I’m writing this in the Tate Britain cafe. Tate Britain is my favourite Tate. Even today – in August, when it should be peak school holiday – it’s relatively empty. Not just of people, but of things – it’s an emptyish space. There’s room left on the walls, there are places to think. It’s, first and foremost, somewhere to see art and think thoughts. By contrast, Tate Modern seems like a supermarket of human existence. Everything there fizzes and pops and distracts. People even seem to eat their sandwiches more slowly here.
I suppose some of the things I like about Tate Britain are things that, once (or even now, were I a different sort of person) would have been fulfilled by a church. I’m hesitating to use the word, but it has a spiritual quality. A quality that’s missing from many other things I do in my life – and I think this is something I want to see more of as the arts get to grips with technology. More white space and less noise.
Since I started Culture Hack Day, I’ve spent a lot of time talking about “hacking culture” – which has nothing to do with hacking, really, but is about taking culture apart – subverting and reinventing it. ‘Culture’ is a set of systems we’ve invented to understand art; it’s the museums and galleries and series of Proms that have been put in place to allow us to navigate, and make sense of, all this stuff. And fair enough: we need all the help we can get.
But we’ve not yet thought enough about changing those systems, inventing new paradigms. By and large – like, say, many newspaper publishers – we’ve been trying to replicate the physical object as a digital thing. We’re preserving rather than developing. And while they may be relatively small leaps, other sectors have made them: telly has the iPlayer, publishing has the ebook. They are made with the affordances of the platform in mind, not as a desperate attempt to recreate the thing that they might be replacing.
The arts, meanwhile, tends to talk about online museums and digital performance. There are thousands of beautifully formatted PDFs on websites and lots of those turny-page online books to replicate the experience of a magazine on the screen. There is a hoving to the bricks and mortar, a reluctance to accept the slight and ephemeral qualities that technology can allow. And this is fair enough: most art is about the tingle of experience – an intangible feeling – so we substantiate it, make it real. Buy a programme, save a ticket. Without those things, we worry that it might all drift away… and, I think because of that, many arts websites become so chunky, so substantial, it feels as if you could almost reach out and touch them.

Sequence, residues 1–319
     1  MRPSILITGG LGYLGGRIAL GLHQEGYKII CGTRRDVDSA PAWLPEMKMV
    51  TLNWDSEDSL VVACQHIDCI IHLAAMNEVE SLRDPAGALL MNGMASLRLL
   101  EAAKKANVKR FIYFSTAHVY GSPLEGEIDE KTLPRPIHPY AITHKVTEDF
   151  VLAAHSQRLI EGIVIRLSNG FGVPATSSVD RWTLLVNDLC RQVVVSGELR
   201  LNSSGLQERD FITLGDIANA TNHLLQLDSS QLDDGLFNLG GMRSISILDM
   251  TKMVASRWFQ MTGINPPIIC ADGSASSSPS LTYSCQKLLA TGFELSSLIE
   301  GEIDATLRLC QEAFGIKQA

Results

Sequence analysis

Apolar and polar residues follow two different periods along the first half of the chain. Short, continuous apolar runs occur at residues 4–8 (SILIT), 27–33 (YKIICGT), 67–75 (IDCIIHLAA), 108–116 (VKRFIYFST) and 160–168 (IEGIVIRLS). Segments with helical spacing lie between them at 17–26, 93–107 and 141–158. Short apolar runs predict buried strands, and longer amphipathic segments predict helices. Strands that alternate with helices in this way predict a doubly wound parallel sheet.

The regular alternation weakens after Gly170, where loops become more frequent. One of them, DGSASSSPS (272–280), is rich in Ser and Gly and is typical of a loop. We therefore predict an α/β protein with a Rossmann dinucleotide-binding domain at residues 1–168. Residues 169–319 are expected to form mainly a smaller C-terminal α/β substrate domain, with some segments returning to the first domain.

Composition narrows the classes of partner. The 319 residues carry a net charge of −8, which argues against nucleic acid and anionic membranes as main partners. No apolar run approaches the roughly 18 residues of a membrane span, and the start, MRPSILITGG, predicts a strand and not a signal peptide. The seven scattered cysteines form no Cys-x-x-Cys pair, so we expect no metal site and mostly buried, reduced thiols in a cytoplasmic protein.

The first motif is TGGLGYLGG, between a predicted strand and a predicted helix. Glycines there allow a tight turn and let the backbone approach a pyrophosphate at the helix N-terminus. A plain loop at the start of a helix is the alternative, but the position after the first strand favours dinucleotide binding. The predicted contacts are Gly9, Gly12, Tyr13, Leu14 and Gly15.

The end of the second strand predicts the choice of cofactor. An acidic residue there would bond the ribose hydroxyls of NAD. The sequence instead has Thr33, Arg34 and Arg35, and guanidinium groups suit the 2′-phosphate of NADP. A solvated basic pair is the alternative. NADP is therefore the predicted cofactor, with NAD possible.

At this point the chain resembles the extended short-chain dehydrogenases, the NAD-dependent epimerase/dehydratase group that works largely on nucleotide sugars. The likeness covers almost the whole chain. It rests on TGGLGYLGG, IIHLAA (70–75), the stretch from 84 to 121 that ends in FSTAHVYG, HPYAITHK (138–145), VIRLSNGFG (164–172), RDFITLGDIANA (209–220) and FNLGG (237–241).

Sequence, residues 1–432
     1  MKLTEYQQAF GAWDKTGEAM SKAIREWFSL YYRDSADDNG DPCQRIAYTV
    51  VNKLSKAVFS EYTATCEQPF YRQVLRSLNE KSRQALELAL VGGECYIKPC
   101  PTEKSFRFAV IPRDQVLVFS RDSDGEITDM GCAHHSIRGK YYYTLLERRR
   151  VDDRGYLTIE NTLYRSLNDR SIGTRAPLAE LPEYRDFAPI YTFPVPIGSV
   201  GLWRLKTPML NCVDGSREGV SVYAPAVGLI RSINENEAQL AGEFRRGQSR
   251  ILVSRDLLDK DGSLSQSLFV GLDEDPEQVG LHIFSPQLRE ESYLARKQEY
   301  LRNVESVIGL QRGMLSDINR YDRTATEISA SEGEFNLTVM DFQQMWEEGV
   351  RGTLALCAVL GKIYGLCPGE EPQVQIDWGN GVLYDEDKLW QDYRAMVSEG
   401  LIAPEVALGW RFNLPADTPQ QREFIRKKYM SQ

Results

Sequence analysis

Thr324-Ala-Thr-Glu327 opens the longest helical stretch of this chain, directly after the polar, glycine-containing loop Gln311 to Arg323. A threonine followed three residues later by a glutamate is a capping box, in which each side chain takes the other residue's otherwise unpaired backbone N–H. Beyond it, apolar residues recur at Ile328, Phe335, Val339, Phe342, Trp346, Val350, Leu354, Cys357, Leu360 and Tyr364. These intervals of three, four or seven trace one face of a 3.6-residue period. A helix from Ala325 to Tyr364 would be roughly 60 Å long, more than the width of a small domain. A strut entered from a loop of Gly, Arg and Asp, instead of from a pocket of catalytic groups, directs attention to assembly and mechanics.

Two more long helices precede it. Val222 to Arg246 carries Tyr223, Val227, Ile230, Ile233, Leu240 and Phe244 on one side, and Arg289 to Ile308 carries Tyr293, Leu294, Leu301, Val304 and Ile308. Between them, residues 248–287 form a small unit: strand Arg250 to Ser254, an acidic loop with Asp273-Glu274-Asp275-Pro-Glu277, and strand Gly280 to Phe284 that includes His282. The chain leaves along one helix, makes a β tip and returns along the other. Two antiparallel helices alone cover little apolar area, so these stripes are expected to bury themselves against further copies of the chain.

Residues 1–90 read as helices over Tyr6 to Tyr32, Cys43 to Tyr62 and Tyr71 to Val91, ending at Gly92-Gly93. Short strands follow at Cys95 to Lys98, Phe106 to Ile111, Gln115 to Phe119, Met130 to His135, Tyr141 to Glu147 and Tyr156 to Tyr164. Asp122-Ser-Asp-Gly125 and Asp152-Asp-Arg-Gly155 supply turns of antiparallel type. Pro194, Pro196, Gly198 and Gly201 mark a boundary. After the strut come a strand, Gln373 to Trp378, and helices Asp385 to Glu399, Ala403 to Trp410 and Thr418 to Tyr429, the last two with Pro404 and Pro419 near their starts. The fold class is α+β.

This brings me to Your Paintings. Your Paintings is an amazing thing. It’s an heroic, gargantuan effort; a literal, digital version of the National Gallery that seems bigger than all the galleries in London put together. But (and there is, of course, a but) it seems that whoever commissioned it had a think and then decided to make the Internet all over again, but make it just for paintings, in a time time before links existed or Wikipedia was written.
Obviously something of this size and magnitude was made by a lot of very clever people who worked extremely hard and achieved great things. They will probably all win lots of awards and plaudits and not care about my opinion, which is entirely right and correct. But I think it’s really important, sometimes, to say why you don’t like things that are otherwise flavour of the month. And it seems particularly important now, when lots of arts organisations are rallying to submit their Digital R&D proposals to ACE and NESTA.
Your Paintings is a classic Field of Dreams project: a monolith, made for people to visit, by people who understand museums and galleries. It has none of the fragmentary, ambient quality that the best kind of technology (or the best kind of gallery) can deliver. And as someone who is neither in formal education or gripped by the desire to see every painting that was ever painted, I find it’s completism overwhelming. It’s almost boring. I don’t know where to start, so I’m just not going to. I want to be beguiled, enchanted, surprised. I might even want a curated experience and have the thrill and frustration of knowing there are pictures in the storeroom I can’t see right now, and that the ones in this room have been put there for a reason. But as I am also the only person in the country who didn’t enjoy A History of the World in 100 Objects, you can probably see a theme here – something like “give me less stuff, please, and make it less boring”.
I’ve been thinking about what I might say at Edgelands, and it’s this: arts organisations should stop building websites. Instead, I’d like them to tag their assets in useful ways and upload them to common platforms. Most arts organisations need a few WordPress templates – an object or performance page, a calendar, a collections search and a way to buy tickets – with a CSS that reflects their branding and the ability to make a mobile site. That’s it. There’s no big secret. Embrace the 98% of things you have in common with every other gallery and theatre and make the most of the 2% that makes you extraordinary and unique. Work with the Internet, not against it – let the tides of information come and go. Let the imagination in, and the audience will appreciate it.